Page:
Blessed are those who drink Blasted Church wines.

No, this is not the start of a religious service, although you might rightfully expect the wines to be divine.

It's the story of how this Okanagan Falls winery got its name and came to make fun and flavourful wines that deserve to be worshipped.

Blasted Church gets its name from the 1929 expedition by a crew who set off to the deserted mining camp of Fairview (near Oliver) 16 miles away to dismantle an old wooden church and bring it back to Okanagan Falls.

Foreman Harley Hatfield hatched the plan of blasting the church with four sticks of dynamite to loosen the nails to make it easier to take apart and transport in pieces to be reassembled in its new home.

It worked and the 120-year-old church still stands in Okanagan Falls.

Besides inspiring the name Blasted Church, the religious link has led to a plethora of canonized marketing and labels.

For instance, the 2018 Hatfield's Fuse ($19), a white blend named after foreman Harley, sports a label of a half-naked male angel trying to take his horse through a car wash.

Yes, the iconography is meant to portray subjects plucked from their holy surroundings and plonked into modern-day scenes.

The Hatsfield's is a true everything-but-the-kitchen-sink blend of an astounding 11 varietals – 21% Viognier, 14% Chardonnay Musque, 10% Semillon, 9% Optima, 8% Pinot Gris, 8% Chardonnay, 7% Gewurztraminer, 7% Pinot Blanc, 7% Orange Muscat, 6% Ehrenfelser and 3% Riesling.

As a result its an exotic beauty with aromas and flavours of peach, apricot, apple, lemon and orange.

By the way, Chardonnay Musque is an aromatic mutation of the world's most famous white-wine grape.

The 2017 Pinot Noir ($32) won a platinum medal at the recent Wine Align National Wine Awards of Canada.

While it's seriously good Pinot with a cherry-strawberry-and-straw aromas and flavours, it doesn't take itself too seriously.

Case in point, the label features Jesus posing for a photo atop a vintage car with a boombox.

Speaking of askew virtuous labels, the Virgin Mary enjoys a milkshake in a diner on every bottle of 2018 Gewurztraminer ($18).

It's classic Gewurzt with its lychee-peach-and-rose-petal profile.

The 2017 Sauvignon Blanc ($24) delivers on the grapefruit-and-melon front.

Its label is also a deliberately irreverent with a barely-clad female angel lounging seaside with a colourful beachball.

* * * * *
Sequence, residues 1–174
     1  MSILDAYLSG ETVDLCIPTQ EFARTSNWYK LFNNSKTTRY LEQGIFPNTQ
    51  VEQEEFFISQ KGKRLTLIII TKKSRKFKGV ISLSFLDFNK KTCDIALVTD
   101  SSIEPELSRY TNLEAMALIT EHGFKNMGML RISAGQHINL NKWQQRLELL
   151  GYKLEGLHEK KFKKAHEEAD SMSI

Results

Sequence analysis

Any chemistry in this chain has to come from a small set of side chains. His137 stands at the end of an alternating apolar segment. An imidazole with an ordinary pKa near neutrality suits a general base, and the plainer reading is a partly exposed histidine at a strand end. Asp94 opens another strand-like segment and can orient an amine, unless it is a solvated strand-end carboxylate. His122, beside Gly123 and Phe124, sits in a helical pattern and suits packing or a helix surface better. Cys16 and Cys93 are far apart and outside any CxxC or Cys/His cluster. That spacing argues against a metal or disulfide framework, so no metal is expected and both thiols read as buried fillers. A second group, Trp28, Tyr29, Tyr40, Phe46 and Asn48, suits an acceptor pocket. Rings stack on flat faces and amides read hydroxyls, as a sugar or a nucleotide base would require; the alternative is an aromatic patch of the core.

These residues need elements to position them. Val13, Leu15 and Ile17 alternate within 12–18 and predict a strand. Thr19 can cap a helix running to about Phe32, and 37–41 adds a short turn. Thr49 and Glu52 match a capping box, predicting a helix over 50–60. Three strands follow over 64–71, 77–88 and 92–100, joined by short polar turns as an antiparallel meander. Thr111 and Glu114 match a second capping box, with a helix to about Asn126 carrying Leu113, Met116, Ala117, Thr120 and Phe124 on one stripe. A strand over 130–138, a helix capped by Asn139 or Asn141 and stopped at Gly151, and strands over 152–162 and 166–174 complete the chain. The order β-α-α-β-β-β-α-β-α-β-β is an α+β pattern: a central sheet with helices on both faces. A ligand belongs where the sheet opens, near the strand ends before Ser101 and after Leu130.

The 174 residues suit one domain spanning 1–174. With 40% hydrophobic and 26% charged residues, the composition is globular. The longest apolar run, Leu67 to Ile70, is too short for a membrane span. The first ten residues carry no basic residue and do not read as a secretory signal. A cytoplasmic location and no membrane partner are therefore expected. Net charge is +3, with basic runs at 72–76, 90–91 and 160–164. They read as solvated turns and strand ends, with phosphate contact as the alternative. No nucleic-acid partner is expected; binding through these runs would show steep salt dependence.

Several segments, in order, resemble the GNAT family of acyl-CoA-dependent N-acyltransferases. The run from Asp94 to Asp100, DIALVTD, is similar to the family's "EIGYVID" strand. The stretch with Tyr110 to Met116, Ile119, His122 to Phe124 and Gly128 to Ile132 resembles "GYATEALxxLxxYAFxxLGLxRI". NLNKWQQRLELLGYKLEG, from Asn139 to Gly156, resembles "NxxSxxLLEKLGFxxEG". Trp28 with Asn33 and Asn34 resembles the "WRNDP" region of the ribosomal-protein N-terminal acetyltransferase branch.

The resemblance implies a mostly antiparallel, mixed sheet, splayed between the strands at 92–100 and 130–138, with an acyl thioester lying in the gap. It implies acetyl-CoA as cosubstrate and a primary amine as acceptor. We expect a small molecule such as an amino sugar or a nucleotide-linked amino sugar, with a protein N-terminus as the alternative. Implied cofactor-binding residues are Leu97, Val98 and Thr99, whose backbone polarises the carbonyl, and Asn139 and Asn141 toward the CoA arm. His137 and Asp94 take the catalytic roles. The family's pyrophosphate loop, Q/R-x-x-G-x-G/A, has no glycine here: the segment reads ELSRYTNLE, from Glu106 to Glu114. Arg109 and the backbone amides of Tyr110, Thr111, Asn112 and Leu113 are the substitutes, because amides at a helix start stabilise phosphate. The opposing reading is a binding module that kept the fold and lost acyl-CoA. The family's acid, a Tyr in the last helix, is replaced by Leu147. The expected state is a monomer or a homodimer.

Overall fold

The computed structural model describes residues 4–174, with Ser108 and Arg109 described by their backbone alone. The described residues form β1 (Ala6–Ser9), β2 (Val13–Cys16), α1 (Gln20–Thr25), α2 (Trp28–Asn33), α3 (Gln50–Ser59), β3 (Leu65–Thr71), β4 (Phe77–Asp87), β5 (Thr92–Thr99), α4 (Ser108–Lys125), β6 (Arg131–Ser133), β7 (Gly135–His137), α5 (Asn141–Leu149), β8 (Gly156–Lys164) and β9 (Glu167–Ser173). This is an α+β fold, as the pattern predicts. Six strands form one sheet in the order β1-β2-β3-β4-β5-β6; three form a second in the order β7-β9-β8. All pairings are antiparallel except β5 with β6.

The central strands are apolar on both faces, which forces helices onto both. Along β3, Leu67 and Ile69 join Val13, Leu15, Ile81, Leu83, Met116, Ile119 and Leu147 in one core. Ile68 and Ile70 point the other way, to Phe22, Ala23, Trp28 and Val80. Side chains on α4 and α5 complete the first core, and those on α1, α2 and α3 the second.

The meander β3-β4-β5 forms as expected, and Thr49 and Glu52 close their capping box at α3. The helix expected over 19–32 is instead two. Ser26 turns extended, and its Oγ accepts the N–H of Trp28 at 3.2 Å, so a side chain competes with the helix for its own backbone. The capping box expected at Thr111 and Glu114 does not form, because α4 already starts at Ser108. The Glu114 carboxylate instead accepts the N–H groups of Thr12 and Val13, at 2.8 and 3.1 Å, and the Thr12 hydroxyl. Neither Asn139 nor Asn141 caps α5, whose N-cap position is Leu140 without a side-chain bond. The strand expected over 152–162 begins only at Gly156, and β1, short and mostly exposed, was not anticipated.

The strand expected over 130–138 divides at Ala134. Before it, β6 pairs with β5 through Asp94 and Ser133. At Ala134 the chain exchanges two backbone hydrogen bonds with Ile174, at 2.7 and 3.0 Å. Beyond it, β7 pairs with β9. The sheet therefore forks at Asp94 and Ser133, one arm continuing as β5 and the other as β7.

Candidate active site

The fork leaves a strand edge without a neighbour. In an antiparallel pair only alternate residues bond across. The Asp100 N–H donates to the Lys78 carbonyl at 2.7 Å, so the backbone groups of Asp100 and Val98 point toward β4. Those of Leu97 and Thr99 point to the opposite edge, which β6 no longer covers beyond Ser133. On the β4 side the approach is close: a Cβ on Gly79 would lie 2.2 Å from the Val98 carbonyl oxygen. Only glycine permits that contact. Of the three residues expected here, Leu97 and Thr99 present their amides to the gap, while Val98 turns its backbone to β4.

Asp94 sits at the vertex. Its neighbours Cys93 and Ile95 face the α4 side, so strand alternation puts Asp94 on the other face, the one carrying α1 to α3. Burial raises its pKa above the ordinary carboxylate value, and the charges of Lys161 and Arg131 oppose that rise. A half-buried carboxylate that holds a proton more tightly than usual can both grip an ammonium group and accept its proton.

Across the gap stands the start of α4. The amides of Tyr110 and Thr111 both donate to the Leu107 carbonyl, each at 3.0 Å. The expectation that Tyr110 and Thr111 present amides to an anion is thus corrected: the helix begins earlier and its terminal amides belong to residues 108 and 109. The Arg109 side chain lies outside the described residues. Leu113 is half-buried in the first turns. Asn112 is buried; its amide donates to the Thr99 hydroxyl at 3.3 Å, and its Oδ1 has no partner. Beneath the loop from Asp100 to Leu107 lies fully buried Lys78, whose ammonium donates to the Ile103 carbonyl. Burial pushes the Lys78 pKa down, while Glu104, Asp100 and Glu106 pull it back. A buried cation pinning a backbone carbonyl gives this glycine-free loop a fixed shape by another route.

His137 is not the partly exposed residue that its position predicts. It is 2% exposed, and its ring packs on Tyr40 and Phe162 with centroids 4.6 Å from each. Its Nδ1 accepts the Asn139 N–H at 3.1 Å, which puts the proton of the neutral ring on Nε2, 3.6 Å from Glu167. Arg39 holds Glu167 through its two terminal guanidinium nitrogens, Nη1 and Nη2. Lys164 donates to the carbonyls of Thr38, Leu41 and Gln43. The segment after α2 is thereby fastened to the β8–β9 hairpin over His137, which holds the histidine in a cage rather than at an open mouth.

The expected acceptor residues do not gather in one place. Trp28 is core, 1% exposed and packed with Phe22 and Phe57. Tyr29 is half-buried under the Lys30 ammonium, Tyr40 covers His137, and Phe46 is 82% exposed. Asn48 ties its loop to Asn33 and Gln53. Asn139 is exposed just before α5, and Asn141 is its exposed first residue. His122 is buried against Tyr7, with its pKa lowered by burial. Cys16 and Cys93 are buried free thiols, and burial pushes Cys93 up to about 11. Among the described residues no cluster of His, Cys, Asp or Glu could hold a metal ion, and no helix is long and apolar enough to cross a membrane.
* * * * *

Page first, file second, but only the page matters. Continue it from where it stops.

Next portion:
It's no surprise that winery owner Evelyn Campbell and winemaker Evan Saunders take a similar mirthful approach to their earnest jobs.

After all, they created these excellent, yet farcical, wines from a background of business (Campbell is a Vancouver accountant) and science (Saunders has degrees in microbiology and winemaking).

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What wine goes best with a comfort-food pulled-pork sandwich from Kelowna food truck The Deli Don?

A glass of 2017 Pinot Noir from O'Rourke's Peak Cellars in Lake Country, of course.

In fact, the match was so inspired, it won best pairing at the inaugural B.C. Wine & Food Truck Face-Off in Kelowna last weekend.

Seven food trucks ringed the parking lot at Okanagan Mission Hall and pumped out food for a sell-out crowd to devour accompanied by wines from seven wineries.

Participants voted for their favourite pairing via app and determined pulled-pork and Pinot the winner.

The face-off is a new event put on by the Okanagan Wine Festivals Society and based on its initial popularity, it will be back.

Some of the other food-and-wine pairings included Sparkling Gewurztraminer from Penticton's Crescent Hill Winery with curried sausage from Peter Ze German Streetfood and The Boneyard BBQ's ribs paired with Merlot from Summerland's Dirty Laundry Vineyard.

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You've probably never heard of Origin Wines, Lightning Rock Winery, Rigour & Whimsy and Tall Tale Wines.

That's because they all produce fewer than 2,000 cases of wine each annually.

But what they lack in size, they more than make up with passion and quality small-batch wines.

To expose these wineries and their wines to wine lovers, the Garagiste North Small Producers Wine Festival had tastings last Sunday in the vineyard at Sperling Winery in Kelowna.

Twenty-two small producers set up under tents and poured samples.

"Origin is a homecoming for me and my husband (Blake Anderson)," said Origin Wines co-owner and winemaker Daiya Anderson.

"I grew up in Oliver and Blake grew up in Naramata and I ended up working for Earls as a sommelier in Vancouver and Blake in the film industry in Vancouver. But we've come back to our origins with this winery in Naramata."

The couple does all the work at the winery themselves to produce 1,500 cases a year.

Origin poured four of its wines at the fest – juicy Farmhouse Merlot-Cabernet Franc, tropical-and-caramel Eden Chardonnay, spicy Trio Meritage and pear-and-lychee Gu Gewurztraminer.

Because of their limited production, most of these small wineries only sell online.

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The Wine Align National Wine Awards of Canada isn't all about wine.

It has a cider category in which Kelowna-based Broken Ladder Apple & Hops cleaned up, winning best cider of the year and a gold medal.

Broken Ladder is B.C. Tree Fruits Cider Co.'s brand and a diversification from B.C. Tree Fruits' traditional business of selling the fresh fruit of Okanagan orchardists.

Fifty-five cideries entered the Wine Align competition.

As the name suggests, Apple & Hops combines the traditional fruit of cider with the bitter-floral-and-citrus flavour of the hop flower used in beer making.

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Steve MacNaull is a reporter at The Okanagan Weekend. Reach him at steve.macnaull@ok.bc.ca. Also listen to Steve's Okanagan Wine & Dine podcast exclusively on OkanaganValleyRadio.com on Saturday mornings at 11:15 a.m.